Despina Iossif

Date: 
Tuesday, May 22, 2018 -
15:00 to 16:00
Location: 
Swedish Institute at Athens, Mitseon 9
Event Description: 

Despina Iossif (College Year in Athens), When Christians Had Come into the World, the Universe Went to Ruin'.-'Come on! Christians Do Not Differ From Other People!

Participating in public religious ceremonies in honour of the gods, attending theatrical and athletic shows at the amphitheatre and the arena and frequenting the baths, constituted essential features of Roman civic life. It will be the purpose of my paper to explore the extent to which early Christians, prior to emperor Constantine’s conversion to Christianity, disrupted civic life by rejecting its values and distancing themselves from the customs and habits of their pagan contemporaries. The standard view of modern scholarship is that the early Christians felt a real and deep aversion for the world around them, regarding it far too immoral and far too closely associated with demons for their own taste, and stubbornly refused to participate in religious ceremonies, attend the shows and visit the baths. My aim will be to challenge this traditional view and show that Christians, in general, were not anti-social and that their lifestyle was not as distinct as is usually imagined and proposed.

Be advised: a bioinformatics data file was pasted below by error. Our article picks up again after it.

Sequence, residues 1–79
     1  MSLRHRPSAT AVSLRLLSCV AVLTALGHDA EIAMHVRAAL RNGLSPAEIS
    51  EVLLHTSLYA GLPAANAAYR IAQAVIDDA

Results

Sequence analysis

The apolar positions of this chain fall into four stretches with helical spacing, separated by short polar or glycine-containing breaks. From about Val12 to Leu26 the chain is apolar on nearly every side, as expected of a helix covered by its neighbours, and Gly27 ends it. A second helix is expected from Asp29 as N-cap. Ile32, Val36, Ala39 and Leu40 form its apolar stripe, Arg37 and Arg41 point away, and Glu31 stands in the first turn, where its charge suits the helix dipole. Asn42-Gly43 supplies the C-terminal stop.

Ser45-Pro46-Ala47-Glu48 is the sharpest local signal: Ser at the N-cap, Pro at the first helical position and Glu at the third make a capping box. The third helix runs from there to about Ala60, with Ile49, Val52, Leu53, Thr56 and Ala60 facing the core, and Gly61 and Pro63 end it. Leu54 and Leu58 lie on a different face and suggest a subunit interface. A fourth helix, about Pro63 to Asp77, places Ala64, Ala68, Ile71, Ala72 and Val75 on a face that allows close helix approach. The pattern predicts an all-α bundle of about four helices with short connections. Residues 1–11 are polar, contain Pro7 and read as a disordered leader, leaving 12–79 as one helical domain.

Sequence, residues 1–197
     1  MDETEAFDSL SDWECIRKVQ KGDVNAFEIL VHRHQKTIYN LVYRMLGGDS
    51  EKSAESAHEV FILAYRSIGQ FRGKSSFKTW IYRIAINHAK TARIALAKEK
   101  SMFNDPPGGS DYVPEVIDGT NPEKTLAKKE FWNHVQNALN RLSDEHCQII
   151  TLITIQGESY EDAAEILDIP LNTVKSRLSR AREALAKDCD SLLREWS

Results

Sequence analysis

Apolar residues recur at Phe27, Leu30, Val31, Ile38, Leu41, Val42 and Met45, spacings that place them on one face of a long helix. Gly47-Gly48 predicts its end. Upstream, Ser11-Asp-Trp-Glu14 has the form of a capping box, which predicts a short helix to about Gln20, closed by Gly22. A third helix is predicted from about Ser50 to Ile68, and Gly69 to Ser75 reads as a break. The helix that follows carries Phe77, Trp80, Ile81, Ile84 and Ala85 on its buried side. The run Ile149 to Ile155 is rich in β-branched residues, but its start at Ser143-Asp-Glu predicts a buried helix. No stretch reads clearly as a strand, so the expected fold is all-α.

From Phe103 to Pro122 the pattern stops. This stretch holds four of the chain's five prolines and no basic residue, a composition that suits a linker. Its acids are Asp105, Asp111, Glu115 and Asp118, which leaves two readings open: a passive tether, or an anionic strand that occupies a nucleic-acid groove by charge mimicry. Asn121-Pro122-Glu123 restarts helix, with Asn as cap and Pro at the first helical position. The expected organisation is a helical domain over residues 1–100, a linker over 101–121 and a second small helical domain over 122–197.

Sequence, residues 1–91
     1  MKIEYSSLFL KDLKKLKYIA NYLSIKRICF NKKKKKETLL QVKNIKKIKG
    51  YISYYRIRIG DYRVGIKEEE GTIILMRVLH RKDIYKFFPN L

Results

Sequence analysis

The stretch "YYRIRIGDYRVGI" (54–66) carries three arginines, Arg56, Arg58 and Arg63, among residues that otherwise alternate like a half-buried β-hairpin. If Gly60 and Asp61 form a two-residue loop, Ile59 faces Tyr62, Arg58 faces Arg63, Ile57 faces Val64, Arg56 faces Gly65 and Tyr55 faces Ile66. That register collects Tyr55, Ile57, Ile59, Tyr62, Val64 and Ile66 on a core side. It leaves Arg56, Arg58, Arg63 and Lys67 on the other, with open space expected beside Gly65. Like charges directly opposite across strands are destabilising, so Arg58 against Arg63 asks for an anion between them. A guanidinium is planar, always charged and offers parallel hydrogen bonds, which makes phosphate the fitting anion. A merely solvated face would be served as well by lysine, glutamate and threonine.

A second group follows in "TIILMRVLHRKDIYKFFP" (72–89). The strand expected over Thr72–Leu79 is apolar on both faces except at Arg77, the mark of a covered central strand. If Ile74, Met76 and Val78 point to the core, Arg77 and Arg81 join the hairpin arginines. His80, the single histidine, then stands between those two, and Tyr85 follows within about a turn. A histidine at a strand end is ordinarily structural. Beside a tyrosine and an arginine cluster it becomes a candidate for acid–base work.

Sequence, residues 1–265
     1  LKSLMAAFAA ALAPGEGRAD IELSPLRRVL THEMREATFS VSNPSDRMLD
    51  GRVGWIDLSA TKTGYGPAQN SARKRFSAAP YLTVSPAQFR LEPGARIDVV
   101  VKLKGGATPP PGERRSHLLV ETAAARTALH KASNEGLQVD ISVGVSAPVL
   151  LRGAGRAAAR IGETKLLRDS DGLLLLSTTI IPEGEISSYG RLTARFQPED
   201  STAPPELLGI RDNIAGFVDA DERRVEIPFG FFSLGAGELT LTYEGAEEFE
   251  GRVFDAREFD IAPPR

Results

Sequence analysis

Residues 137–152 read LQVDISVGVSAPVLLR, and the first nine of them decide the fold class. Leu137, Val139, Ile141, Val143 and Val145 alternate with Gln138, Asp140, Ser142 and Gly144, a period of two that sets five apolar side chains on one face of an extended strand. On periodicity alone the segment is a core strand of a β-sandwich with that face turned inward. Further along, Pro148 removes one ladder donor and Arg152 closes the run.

The shows and baths occupied a central position in the social life of a Roman citizen. A systematic Christian absence from them didn’t usually arouse feelings of hostility or fear for the future but did cause wonder and distrust, especially if the absentee belonged to the upper classes or was an official, since the shows and baths were immensely popular and emblematic of Romanitas. Unwillingness to participate in the traditional religious ceremonies was considered as alarming for the common safety and interpreted as an act of impiety towards the gods, disapproval of the status quo and disobedience to the political authorities. The Romans had committed themselves to a contractual arrangement with their gods. The particular agreement was of a reciprocal nature; it involved each party in giving and in return receiving services. The Romans performed rituals in honour of their gods in order to affirm and renew their relationship with them. The rituals attracted the attention of the gods, appeased them and secured the maintenance of the established order, military victories, prosperity and other considerable benefits. Human negligence and failure to respect the man’s part of the agreement was thought to endanger the relationship with the gods and to prompt divine vengeance. Natural disasters were seen as manifestations of divine anger or dismay.